She notices Bill walk to a horse and the two act coy as she approaches him. "Reckon you're goin' to the dance?" Bill asks. "Yes, are you?" the Teacher asks back. Bill nods; "I'll bet you love dancin'," he says. She replies yes -- "with a good partner." Bill says that he has something for her, and proceeds to lasso some flowers -- unfortunately for him, Slickey rides up as he hands over the flowers. Slickey retrieves them and gives them to the Teacher, shoving off Bill as they walk off. A frustrated Bill plays another straw game, and decides he'll "foller 'em" if he draws the short straw. He does, and "follers" the two. "The view's fine, ain't it?--The air's full o' atmosphere an' everything--" Bill says, to not much avail. He tries another plan -- he unhitches Slickey's horse. This plan is even less successful, as Slickey retorts, "He'll follow right behind--and you might do the same." Bill tries again with "o new trick" [as the title card reads]. He lassoes and hitches onto a cow -- which runs off, forcing the rope-wielding Bill to chase behind him into a stable, where he eats it. The Teacher and Slickey talk by a stable, as the latter asks what time he should call to take her to the dance; the Teacher announces she intends to go "with the folks," to Slickey's dismay. The sulking Bill plays another straw game -- if the short straw, he'll "go down there and lick him." He doesn't ("It's mighty lucky for him," he brags to himself).
Finally, Slickey exits, as Gussie bothers Bill with another poetry recital. This time, Gussie holds onto his rope, with which Bill proceeds to release some slack and turn the barn corner. Gussie notices and drags back... to find it tied to a mule.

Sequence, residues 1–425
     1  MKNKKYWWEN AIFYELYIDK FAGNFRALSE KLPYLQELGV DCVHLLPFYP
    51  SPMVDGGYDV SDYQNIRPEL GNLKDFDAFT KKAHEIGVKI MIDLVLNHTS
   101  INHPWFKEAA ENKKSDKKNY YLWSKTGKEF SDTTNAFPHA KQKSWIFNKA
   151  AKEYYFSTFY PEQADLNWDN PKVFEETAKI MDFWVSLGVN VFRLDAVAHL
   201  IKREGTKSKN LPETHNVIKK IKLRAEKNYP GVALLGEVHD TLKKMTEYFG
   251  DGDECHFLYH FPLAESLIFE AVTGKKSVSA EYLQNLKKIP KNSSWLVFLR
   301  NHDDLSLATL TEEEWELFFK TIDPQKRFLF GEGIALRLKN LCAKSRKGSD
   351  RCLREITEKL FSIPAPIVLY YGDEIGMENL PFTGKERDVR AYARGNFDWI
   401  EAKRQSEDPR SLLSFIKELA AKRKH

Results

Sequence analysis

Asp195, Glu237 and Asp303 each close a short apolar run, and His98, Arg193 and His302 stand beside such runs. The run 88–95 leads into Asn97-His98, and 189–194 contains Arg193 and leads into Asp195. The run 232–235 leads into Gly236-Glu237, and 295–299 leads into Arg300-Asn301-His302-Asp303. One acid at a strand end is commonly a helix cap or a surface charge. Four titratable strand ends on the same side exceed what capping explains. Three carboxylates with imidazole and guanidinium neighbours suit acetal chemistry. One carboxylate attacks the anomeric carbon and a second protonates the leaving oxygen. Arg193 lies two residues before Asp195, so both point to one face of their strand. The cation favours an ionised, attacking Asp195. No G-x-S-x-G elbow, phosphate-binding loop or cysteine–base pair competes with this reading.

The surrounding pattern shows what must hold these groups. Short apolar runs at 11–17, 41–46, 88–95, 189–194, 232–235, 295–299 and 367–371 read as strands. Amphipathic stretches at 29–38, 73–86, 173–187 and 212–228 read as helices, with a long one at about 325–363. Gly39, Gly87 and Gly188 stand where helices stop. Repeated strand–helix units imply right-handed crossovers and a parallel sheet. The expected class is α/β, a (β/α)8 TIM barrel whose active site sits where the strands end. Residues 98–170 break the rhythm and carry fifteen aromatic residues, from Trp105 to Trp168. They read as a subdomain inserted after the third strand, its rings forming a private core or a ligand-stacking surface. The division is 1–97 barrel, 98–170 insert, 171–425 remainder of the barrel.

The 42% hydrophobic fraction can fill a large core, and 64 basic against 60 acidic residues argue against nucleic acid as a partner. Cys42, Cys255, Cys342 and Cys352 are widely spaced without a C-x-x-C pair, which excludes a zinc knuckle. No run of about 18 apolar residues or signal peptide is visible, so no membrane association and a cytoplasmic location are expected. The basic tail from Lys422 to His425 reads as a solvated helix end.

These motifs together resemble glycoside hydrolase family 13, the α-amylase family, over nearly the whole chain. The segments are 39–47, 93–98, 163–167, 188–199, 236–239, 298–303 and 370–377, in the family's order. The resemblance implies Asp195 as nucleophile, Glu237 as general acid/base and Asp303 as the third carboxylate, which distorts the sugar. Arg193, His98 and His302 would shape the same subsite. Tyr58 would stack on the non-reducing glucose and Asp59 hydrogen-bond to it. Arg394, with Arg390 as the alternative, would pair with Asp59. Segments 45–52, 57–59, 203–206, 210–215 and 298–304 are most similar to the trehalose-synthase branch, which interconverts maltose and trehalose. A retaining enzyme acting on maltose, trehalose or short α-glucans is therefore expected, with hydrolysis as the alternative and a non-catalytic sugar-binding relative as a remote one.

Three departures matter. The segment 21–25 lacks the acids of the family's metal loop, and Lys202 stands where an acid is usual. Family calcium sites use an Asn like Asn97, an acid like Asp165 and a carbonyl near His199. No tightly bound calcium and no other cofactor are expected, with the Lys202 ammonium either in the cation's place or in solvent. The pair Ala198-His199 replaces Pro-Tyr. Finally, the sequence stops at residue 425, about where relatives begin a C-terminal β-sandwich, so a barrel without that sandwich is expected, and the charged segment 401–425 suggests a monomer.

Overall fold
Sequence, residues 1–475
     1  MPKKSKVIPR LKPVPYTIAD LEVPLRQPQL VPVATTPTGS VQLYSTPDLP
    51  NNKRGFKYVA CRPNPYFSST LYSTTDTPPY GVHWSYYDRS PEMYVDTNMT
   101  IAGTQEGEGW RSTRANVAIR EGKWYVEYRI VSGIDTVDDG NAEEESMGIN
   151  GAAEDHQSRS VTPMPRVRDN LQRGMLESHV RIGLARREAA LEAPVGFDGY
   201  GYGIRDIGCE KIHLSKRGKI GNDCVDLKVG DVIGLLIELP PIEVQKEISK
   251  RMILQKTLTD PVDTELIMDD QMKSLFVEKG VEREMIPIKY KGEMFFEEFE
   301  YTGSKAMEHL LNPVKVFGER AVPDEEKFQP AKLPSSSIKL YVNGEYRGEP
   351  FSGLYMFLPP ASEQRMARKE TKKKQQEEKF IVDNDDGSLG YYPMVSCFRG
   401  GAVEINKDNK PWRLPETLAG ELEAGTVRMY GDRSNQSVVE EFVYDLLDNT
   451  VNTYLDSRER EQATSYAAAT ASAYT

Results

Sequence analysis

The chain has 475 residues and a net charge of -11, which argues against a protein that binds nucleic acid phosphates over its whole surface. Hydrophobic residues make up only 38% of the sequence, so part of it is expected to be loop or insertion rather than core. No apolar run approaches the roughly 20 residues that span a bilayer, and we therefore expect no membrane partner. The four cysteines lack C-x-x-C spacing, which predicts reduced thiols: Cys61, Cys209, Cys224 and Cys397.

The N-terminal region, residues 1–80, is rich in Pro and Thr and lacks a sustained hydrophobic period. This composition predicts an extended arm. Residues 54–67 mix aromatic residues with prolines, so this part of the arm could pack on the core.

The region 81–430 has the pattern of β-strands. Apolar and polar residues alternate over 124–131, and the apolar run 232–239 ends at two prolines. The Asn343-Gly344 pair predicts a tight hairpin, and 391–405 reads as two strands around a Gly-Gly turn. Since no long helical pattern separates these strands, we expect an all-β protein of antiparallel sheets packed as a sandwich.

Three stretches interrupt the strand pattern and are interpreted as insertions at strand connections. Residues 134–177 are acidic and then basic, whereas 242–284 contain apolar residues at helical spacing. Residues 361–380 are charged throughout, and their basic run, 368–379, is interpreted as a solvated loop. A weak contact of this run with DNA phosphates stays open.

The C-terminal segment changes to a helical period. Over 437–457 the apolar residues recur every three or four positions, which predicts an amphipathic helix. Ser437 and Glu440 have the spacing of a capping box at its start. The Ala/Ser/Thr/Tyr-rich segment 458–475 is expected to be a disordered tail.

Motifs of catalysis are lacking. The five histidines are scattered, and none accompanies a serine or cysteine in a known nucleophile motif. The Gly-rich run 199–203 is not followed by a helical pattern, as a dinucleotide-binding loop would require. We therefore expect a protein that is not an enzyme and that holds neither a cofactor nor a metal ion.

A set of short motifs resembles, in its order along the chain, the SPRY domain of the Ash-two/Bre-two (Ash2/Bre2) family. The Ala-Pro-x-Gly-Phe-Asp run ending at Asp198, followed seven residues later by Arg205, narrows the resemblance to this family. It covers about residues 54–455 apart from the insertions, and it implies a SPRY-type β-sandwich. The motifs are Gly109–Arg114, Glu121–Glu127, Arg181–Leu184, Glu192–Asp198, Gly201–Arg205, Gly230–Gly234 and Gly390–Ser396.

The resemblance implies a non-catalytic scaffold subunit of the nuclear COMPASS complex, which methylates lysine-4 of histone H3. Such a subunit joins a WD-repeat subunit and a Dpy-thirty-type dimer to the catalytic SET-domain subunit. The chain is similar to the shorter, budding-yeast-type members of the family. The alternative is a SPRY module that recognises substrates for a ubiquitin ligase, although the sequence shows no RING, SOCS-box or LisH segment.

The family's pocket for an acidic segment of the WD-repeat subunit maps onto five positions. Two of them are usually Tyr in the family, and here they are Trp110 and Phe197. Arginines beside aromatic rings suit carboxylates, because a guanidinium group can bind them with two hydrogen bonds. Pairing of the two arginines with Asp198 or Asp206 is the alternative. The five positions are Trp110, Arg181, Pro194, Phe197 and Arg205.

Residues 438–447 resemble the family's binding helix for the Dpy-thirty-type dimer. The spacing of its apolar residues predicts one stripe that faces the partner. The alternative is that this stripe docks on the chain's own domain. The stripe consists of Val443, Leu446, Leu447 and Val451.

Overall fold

Bill is back at the ranch and is handed a few dollars by the boss. An excited Bill proceeds to pull a catalog from under his pillow (his bed also being in the room) and flips to a drawing of a man in a suit. He fills out an order and measures himself, comparing it to the picture - and has a misunderstanding when he wraps the spool around a pole and himself, prompting him to write down 47 inches for the waist. He measures his leg - 18 inches (form says "between 15 and 16").
The night of the dance. The four fellows from earlier are getting spiffed up as Bill rides his horse there and walks into their room. He carries a package - his suit - as the four ask him what it is; Bill replies, "It's a saddle--What'd you think it was?" as the others clear out. Bill opens the package, and finds a giant "Tonnage"-sized pair of pants. A confused Bill finds a note: "Dear Sir - We are sending you an extra pair of pants. We hope they fit, but if you really are built according to measurements in your order letter we advise you to get in touch with Barnum's circus at once. Resp'y yours, Morris and Co." Within the box, Bill finds a more manageable pair of pants. He struggles to sew on the tongue of his shoes and misbuttons his vest, but takes care of the latter by grabbing a pair of scissors snipping off the longer bottom piece.